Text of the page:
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Bible Reflections View Comments

The Expectations of Our Calling
By Diane M. Houdek
Source: Bringing Home the Word
Published: Sunday, June 24, 2012
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My great-nephew was baptized on the feast of John the Baptist five years ago. I was one of the lectors and was blessed to be able to read that wonderful passage from Isaiah: “The Lord called me from birth. From my mother’s womb he gave me my name.” That Evan was being baptized on this feast and that his name is the Welsh form of John just added to the significance.

The homilist used the birth and naming of John the Baptist to talk about baptism and our calling as Christians. Evan’s mom sings in the parish choir and the parish music director commented wryly afterward, “That’s a lot of expectation to be putting
on a small baby.”

The Christian calling is a high expectation, and I was also struck by the fact that one of my own godchildren is now little Evan’s godmother, while my nephew and his wife are godparents to her oldest daughter. I could not help but be moved by the connections among us that are not only blood ties but also bonds in the Spirit.

But I have to admit that sitting behind the ambo during the Gospel, looking at family from out of town in the pews, the line “all these matters were discussed throughout the hill
country of Judea,” set me to thinking less about the wonders of God than about how often in families even the smallest detail, especially if it’s in someone else’s life, gets talked to death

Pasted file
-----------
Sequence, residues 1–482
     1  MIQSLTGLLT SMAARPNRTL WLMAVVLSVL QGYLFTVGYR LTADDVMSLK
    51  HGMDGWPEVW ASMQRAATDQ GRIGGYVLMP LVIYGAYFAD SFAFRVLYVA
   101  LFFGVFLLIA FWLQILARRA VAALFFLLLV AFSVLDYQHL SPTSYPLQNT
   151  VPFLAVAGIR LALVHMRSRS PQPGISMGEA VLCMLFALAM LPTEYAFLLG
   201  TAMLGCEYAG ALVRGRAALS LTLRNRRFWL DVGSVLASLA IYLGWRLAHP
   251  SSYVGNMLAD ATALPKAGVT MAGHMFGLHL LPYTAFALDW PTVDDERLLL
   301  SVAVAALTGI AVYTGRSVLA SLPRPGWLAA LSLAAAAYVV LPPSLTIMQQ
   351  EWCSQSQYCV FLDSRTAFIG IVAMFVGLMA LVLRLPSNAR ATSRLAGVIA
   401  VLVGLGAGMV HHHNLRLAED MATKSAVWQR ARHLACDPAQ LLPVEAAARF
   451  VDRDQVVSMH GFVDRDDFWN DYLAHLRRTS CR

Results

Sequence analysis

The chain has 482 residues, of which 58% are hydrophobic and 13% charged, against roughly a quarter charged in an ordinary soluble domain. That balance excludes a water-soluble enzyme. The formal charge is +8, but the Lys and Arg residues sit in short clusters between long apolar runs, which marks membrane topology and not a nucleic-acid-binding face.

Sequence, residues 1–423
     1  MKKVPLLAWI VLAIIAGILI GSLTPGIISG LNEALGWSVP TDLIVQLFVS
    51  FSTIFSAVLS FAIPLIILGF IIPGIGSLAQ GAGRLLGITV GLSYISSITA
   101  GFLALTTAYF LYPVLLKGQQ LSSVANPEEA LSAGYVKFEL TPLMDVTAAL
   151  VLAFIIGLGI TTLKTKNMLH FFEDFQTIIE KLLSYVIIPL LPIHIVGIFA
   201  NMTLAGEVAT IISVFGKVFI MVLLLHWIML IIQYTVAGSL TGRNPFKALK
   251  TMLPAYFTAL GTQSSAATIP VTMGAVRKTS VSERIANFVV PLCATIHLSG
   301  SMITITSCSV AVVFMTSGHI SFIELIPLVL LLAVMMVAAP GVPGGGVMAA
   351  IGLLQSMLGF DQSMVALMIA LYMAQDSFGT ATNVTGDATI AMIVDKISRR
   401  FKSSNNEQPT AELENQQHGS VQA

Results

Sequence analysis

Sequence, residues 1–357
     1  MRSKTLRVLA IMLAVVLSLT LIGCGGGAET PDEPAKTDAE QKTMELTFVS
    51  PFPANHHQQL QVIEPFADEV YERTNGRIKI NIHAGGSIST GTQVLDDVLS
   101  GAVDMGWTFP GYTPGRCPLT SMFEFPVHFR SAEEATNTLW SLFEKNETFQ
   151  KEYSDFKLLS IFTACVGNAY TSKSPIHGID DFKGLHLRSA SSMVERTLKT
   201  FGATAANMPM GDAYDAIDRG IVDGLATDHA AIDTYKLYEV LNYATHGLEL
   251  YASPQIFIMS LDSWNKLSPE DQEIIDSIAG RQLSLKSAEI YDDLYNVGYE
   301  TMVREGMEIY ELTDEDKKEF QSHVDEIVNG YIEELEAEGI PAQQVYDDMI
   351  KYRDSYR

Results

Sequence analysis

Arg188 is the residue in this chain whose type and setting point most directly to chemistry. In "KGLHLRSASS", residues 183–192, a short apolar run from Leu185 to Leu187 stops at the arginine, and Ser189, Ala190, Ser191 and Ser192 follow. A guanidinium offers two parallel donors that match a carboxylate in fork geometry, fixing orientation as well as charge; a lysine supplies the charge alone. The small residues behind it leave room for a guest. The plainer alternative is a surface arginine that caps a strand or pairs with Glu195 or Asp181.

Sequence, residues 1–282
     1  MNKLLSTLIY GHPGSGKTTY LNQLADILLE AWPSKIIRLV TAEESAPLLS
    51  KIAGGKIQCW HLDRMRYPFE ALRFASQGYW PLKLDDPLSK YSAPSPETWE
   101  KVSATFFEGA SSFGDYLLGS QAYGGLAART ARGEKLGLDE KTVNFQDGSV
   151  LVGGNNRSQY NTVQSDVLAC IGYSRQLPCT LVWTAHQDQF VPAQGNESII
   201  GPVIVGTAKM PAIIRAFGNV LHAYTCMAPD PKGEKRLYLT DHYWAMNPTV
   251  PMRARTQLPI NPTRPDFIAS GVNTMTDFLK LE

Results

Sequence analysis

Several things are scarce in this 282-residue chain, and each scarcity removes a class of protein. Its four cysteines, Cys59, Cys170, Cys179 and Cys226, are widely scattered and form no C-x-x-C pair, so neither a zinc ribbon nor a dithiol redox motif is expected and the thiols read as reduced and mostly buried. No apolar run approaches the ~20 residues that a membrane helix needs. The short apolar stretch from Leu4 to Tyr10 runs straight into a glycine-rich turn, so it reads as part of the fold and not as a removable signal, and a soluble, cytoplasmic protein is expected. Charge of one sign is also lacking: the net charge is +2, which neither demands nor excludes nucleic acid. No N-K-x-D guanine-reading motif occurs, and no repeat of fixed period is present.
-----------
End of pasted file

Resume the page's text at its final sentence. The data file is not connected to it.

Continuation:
by everyone else.

The commitment of Zechariah and Elizabeth to name their child John in the face of family and community tradition and expectation is sometimes a special source of encouragement to those who choose to live their lives and their faith in their own way. While we share one faith and one baptism, the cultural expressions of that faith can vary greatly.

One of the deepest rifts in Catholicism today lies in an ongoing struggle over the way the sacraments, particularly the Eucharist, are celebrated. Too often these disagreements
focus on the accidents of language, music, and other cultural expressions and miss the essentials of preaching the gospel message and changing water and wine into the body and blood, soul and divinity, of Christ. And far too often we engage in heated arguments
that quickly lose sight of Jesus’s central command to love one another.

As John the Baptist grew to adulthood, his way of living and proclaiming his Jewish faith differed greatly from his father’s work as a priest in the Jerusalem temple. As Jesus began his ministry, he often upended the expectations of his cousin John, whose whole purpose was to prepare the way for the Messiah.

Whether in our own families or our family of faith, we need to remember that what matters more than anything else is hearing and doing the word and the will of God. John learned this from his parents. And their faith in God’s plan made it possible to let him go his own way, fulfilling his call from God in ways that they could only imagine.